He's tracking toward becoming the 22nd qualified rookie to average at least 19 points per game with a true shooting percentage north of 54 percent, joining Lillard, Blake Griffin, Tim Duncan, Grant Hill, Shaquille O'Neal, Alonzo Mourning, Larry Johnson and David Robinson since the start of the 1990s. And dating back to the beginning of January, he's been even better, upping those numbers to 22.0 points per game with a 54.3 true shooting percentage

    If All-Stars were selected after the season had ended and allowed for his in-progress development, he might be representing the Western Conference in year one. He's also the first Rising Star who seems to boast legitimate MVP aspirations if he continues on his current trajectory.  

2. Ben Simmons, PG, Philadelphia 76ers (Tier 2)

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    Age: 21

    Per-Game Stats: 16.4 points, 7.8 rebounds, 7.3 assists, 1.9 steals, 0.9 blocks

    Advanced Metrics: 18.6 PER, 2.77 RPM, 136.35 TPA

    First, the list of players in NBA history who have matched this future Rookie of the Year's per-game line:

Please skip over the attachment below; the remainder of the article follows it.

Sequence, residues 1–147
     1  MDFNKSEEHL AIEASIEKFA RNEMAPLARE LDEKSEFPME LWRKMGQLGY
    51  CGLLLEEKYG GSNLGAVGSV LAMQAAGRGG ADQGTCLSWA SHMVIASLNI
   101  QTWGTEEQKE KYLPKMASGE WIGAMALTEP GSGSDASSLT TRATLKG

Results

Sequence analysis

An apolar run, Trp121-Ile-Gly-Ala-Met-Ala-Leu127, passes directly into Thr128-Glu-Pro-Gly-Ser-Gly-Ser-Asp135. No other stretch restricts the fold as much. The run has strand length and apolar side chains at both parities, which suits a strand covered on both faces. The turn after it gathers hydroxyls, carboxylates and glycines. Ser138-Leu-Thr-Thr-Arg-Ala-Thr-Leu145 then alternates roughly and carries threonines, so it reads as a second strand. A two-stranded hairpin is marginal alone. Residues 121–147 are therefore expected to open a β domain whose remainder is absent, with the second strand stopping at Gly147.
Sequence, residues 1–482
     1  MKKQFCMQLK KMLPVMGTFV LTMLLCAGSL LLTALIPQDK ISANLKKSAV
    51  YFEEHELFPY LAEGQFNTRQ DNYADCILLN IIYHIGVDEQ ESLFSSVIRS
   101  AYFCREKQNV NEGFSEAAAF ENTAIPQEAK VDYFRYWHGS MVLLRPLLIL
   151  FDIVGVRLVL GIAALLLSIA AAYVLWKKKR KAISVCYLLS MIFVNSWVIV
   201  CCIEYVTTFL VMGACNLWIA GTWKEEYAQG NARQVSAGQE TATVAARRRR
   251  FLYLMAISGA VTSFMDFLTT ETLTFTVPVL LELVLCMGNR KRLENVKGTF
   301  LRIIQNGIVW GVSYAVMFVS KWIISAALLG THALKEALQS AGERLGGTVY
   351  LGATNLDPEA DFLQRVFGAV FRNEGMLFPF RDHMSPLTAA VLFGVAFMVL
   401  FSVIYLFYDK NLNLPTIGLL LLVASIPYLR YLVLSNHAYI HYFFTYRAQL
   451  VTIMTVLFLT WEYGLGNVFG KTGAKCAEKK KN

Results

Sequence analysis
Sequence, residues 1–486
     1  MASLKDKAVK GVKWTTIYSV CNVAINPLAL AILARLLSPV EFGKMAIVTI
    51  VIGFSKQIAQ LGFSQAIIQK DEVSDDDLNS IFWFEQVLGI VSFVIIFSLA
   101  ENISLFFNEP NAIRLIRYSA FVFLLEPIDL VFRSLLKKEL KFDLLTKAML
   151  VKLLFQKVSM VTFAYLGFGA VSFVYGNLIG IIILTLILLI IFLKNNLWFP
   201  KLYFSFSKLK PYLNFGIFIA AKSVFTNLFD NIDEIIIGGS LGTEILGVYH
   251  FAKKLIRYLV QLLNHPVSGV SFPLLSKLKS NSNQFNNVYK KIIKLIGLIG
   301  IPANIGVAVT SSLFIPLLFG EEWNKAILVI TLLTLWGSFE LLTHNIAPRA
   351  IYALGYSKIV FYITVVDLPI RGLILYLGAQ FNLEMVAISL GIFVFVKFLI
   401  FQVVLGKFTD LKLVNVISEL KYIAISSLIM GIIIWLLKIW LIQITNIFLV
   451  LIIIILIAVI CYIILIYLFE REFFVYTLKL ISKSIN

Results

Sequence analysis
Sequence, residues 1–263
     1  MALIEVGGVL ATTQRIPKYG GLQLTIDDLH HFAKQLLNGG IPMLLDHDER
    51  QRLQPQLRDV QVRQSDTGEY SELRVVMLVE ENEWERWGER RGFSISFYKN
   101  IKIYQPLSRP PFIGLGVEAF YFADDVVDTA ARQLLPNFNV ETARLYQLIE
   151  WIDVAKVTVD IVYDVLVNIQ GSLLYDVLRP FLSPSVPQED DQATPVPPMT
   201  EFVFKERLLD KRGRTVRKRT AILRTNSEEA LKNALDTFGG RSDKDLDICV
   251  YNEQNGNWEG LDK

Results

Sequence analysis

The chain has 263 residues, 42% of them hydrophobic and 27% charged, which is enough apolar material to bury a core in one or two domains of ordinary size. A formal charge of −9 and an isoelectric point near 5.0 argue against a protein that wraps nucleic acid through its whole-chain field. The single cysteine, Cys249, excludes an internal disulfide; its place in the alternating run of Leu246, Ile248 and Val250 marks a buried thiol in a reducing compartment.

1. Ben Simmons

    There is no No. 2, though Michael Jordan fell 0.1 blocks per contest shy during the 1988-89 season.

    Simmons is the only one, and we're not just talking about rookies. This oversized 21-year-old point guard is already throwing up a unique line, impacting the game immensely with his rebounding instincts, nose for the basket and understanding of passing angles.

    Oh, and that doesn't even take into account his defensive prowess, since his switchability and willingness to jump passing lanes has allowed the Philadelphia 76ers to play an amorphous, pericentral scheme in which everyone surrounding Joel Embiid freely switches without worrying about bad matchups. 

    Perhaps most impressively, this is all happening while Simmons works without a competent jumper. He's taken 10 shots this season from beyond the three-point arc (many of which were end-of-quarter heaves) and hasn't drained a single one. Of course, that leads us to another interesting stat.  

    During the current millennium, many players have gone an entire season without knocking down even one trey, as Simmons is on pace to do. Here are the single-campaign assist leaders among that group: 

    1. 2013-14 Joakim Noah, 431
    2. 2017-18 Ben Simmons, 396
    3. 1999-00 Anthony Mason, 367
    4. 2009-10 Josh Smith, 342
    5. 2006-07 Eric Snow, 330

    Simmons still gets to play another 27 games. 

1. Joel Embiid, C, Philadelphia 76ers (Tier 1)